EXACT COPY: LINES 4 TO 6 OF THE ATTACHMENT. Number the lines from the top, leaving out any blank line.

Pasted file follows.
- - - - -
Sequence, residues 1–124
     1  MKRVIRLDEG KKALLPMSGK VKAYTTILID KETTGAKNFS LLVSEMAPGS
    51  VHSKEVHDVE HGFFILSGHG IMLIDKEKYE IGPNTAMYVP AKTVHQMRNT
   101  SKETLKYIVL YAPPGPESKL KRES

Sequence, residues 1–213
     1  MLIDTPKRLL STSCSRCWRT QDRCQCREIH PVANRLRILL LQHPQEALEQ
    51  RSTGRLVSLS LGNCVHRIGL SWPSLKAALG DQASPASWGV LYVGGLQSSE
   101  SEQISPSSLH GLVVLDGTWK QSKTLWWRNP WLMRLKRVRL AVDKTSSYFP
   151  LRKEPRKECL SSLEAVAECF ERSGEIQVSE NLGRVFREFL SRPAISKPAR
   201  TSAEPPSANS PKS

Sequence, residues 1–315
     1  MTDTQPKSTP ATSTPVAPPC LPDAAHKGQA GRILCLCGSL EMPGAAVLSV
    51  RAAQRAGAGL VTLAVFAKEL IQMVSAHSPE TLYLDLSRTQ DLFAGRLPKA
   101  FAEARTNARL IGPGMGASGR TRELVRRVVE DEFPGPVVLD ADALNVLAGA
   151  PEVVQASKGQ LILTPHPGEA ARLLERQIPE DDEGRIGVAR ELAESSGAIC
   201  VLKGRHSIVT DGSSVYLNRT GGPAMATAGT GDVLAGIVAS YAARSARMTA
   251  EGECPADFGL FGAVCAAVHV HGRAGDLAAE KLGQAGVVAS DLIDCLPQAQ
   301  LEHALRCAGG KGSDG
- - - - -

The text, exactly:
   101  SKETLKYIVL YAPPGPESKL KRES

Sequence, residues 1–213
     1  MLIDTPKRLL STSCSRCWRT QDRCQCREIH PVANRLRILL LQHPQEALEQ